Towering over St. Petersburg’s Palace Square, this column commemorates Russia’s victory over Napoleonic forces.
Palace Square is dominated by the imposing Alexander Column, which stands 155.8 feet (47.5 meters) tall. It is an iconic city landmark that acts as a gathering spot for tourists and locals alike. Marvel at this engineering wonder and ponder Russia’s military history while inspecting the depictions of various battles.
This lofty monument was designed by French architect Auguste de Montferrand and constructed between 1830 and 1834. It was built under orders from Nicholas I, who wanted to memorialize Russia’s victory over Napoleon and to pay tribute to his brother, Emperor Alexander I. Note the inscription near the base, which reads ‘To Alexander I from a grateful Russia.’
Look up to see the sculpture crowning the top of the column. Alhough it may be difficult to see from the ground, this depicts an angel carrying a cross. The angel was sculpted by Boris Orlovsky and is one of the most distinctive features of the column. The face of the angel is supposedly modeled on Emperor Alexander I, who led Russia to victory against Napoleon.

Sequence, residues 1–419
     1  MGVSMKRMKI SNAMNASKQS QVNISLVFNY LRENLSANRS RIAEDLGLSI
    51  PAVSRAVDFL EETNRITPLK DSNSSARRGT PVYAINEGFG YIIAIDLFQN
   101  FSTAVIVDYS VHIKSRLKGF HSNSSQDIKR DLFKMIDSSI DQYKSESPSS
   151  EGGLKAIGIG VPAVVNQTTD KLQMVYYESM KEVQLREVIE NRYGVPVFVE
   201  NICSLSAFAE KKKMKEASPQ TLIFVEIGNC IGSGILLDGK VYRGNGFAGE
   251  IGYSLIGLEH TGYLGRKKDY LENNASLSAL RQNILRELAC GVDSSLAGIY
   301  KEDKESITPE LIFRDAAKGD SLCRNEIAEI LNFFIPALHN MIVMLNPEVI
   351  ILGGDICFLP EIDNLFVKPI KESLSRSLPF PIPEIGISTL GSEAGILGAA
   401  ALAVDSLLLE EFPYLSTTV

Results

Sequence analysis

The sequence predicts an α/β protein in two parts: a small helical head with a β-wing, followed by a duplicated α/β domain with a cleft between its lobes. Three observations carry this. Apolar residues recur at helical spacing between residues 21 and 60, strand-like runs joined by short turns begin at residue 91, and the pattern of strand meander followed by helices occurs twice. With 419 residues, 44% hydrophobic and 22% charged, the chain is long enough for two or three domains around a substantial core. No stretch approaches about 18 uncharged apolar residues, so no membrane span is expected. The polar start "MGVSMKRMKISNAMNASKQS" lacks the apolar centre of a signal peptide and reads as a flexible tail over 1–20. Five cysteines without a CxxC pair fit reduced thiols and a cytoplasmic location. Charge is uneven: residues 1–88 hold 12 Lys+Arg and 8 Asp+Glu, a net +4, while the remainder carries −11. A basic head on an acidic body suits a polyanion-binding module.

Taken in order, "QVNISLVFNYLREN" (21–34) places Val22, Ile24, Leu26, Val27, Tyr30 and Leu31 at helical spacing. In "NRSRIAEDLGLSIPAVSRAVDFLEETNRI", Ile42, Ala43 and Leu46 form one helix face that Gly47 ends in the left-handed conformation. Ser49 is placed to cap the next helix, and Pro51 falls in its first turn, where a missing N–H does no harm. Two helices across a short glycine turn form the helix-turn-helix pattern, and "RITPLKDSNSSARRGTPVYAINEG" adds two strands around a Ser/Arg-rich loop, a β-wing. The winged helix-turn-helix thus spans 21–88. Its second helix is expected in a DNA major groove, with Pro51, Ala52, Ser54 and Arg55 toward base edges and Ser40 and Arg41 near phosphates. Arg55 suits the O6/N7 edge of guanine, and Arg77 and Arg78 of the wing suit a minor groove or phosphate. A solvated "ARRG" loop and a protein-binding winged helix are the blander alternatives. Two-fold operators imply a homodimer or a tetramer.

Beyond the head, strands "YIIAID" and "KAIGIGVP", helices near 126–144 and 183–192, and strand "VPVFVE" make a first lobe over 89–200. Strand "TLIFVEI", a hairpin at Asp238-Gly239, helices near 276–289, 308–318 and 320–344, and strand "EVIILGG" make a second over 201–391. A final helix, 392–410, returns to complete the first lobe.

Despite weighing an astounding 1,322,760 pounds (599, 994 kilograms), the column was erected in less than 2 hours. As you look at it, consider the skill and effort it must have taken to accomplish this in the early 19th century without any of the advances of modern engineering.
The column also required a high level of craftsmanship as evidenced in the detailed decorative details. Get a closer look at the pedestal and you’ll be able to see various bas-reliefs depicting symbols of Russia’s military strength, including the shield of Prince Oleg of Novgorod, a helmet belonging to Alexander Nevsky and Emperor Alexander I’s breastplate.
Linger a while in Palace Square and take in its other sights, such as the General Staff Building or the famous Winter Palace. Once the home of Russian czars, the opulent Winter Palace building now plays host to the renowned Hermitage Museum.
To reach Alexander Column, take the bus to nearby Dvortsovaya naberezhnaya station or the metro to Nevsky Prospekt, Gostiny Dvor or Admiralteyskaya stations. As it’s a public space, it is open all the time. It’s worth visiting both during the day and again at night, when it is illuminated by lights.